How many full-length tests?
As I have written above, keep taking the tests regularly. Keep the average to a mininum of once every two weeks to a max of once every week. The tests not only keep you updated of your preps-level, but also provide you with the test taking mindset, which is missing in most of us after years of corpo-life.
Is AWA important?
No, it isn’t, unless it’s absymally low. But if you’re like me, you won’t like your score of GMAT 770 to be accompanied by AWA 4.0 or something. Mine was 5.0 (55 percentile) and it pinched me everytime I needed to fill it up for any school. (Particularly, the percentile part. ) Trust me, with very little effort, 5 or more is quite attainable.
Nothing can come close to the real thing. So GMATPrep and Powerprep are surely unmatchable. Next, I would rate the MGMATs by Manhattan. You can certainly locate some Qs which you won’t ever expect to see on the actual test, but still the overall level is quite similar. Kaplan tests are surely not a representative of the real thing, but I would still recommend them to build test-stamina.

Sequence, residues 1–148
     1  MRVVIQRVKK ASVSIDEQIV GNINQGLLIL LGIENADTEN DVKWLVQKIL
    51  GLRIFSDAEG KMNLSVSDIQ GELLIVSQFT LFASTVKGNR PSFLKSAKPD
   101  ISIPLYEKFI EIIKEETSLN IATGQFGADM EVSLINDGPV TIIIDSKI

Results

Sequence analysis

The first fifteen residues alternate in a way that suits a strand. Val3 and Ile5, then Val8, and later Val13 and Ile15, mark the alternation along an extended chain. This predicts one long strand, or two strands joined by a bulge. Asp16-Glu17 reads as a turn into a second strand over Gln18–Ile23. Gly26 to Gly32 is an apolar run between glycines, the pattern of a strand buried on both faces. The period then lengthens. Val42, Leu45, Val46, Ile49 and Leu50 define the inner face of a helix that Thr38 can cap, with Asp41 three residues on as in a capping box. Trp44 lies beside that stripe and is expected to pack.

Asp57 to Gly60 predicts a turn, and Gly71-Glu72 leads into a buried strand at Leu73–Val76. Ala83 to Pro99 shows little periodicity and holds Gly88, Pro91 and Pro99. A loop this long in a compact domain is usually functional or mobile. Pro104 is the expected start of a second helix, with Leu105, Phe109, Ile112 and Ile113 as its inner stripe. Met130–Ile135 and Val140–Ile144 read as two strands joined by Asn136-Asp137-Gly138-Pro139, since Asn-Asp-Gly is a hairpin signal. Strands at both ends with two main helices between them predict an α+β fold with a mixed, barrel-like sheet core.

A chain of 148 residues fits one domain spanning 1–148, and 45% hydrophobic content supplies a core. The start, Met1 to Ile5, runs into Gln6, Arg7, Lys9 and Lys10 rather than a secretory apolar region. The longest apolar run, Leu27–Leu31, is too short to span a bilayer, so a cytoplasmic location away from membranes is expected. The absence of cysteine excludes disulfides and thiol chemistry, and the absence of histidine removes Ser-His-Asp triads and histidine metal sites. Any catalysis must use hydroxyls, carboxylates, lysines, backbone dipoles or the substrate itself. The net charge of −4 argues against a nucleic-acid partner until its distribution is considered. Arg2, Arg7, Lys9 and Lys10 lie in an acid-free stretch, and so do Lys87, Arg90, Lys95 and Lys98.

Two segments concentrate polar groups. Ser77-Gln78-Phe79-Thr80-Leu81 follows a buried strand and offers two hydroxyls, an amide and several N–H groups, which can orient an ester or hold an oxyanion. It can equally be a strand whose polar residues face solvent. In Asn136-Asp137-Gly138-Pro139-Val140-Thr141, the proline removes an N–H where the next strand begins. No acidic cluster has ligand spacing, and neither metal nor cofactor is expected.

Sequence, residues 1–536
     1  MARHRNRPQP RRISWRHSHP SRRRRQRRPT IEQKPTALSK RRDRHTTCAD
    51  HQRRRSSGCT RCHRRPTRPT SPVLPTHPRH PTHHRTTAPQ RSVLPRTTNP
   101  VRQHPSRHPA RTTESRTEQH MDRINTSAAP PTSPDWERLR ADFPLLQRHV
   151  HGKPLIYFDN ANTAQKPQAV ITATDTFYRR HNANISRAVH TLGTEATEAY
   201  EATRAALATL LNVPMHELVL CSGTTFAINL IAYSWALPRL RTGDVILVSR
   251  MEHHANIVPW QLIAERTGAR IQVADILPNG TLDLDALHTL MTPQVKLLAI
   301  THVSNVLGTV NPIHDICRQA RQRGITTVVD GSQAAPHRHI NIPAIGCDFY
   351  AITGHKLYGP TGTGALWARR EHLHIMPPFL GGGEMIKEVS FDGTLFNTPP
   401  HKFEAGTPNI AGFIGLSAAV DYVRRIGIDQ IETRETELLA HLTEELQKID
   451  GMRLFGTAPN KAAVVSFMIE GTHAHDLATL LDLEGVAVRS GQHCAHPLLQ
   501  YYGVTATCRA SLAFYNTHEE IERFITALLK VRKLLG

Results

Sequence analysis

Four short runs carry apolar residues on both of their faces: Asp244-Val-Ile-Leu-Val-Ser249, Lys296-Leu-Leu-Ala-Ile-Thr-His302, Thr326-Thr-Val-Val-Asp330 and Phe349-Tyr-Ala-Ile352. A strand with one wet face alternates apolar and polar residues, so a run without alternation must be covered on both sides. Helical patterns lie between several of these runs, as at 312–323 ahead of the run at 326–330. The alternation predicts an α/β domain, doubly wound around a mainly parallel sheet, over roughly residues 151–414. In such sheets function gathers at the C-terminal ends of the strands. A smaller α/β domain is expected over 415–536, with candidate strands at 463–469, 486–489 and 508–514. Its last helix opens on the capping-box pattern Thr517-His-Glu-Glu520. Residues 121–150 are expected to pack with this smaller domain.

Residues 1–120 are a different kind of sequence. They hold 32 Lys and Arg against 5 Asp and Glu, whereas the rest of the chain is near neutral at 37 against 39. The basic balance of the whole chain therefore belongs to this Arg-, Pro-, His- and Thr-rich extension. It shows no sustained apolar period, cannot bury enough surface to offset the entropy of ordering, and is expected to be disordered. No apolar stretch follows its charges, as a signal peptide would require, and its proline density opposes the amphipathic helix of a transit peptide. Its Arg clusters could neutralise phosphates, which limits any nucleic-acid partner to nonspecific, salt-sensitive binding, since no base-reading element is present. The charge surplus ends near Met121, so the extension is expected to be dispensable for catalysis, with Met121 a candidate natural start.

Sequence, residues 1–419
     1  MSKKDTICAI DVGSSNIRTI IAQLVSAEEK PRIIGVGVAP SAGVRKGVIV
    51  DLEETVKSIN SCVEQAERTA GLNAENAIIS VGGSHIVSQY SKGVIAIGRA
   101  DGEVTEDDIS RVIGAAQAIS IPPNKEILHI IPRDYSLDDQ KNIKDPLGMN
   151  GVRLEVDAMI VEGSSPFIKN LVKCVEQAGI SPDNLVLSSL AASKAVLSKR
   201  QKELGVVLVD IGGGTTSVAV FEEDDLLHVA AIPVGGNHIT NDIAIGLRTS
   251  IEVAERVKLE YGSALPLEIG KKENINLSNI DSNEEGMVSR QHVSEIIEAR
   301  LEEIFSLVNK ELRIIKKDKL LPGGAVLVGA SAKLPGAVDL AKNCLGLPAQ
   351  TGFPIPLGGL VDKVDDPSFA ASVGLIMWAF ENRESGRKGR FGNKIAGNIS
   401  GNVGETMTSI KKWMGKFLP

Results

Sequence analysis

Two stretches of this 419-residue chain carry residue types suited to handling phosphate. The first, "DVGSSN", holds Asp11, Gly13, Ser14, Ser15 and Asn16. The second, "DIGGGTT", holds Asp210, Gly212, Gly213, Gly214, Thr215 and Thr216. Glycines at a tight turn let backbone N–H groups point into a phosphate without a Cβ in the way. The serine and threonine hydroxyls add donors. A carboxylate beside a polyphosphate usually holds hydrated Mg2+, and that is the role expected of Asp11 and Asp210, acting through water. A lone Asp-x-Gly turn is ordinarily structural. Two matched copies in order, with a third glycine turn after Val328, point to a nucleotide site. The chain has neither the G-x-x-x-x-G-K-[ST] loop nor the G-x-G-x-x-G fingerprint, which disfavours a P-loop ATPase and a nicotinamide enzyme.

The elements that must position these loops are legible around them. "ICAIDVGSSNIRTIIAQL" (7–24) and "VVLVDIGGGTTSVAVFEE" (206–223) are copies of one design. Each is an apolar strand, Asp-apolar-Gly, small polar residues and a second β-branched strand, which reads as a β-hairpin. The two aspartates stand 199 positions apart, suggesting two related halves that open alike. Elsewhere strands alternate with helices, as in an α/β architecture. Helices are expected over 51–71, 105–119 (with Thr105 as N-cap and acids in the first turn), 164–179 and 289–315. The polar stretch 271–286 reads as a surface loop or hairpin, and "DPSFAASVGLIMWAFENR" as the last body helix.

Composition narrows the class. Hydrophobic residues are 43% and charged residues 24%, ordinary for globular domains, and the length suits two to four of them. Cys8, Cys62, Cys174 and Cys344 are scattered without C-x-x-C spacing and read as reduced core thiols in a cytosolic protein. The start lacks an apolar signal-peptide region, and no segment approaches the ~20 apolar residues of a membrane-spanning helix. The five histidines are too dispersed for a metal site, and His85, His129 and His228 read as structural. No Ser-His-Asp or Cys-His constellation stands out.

How much is a good score?
Depends. I have seen people with 650 getting calls from everywhere and people with 770 getting dinged at a number of places. So GMAT is actually just a part of the package, But remember, it’s one of the only few parts of the package on which you still have control. Moreover, if you are from a competitive pool (like Indian-IT-Male), chances are that you’ll need a good score to have a reasonable chance at your dream schools.
In case you have any more Qs about the above steps or GMAT preps in general, leave ur Q in the comments and I’ll try to answer that.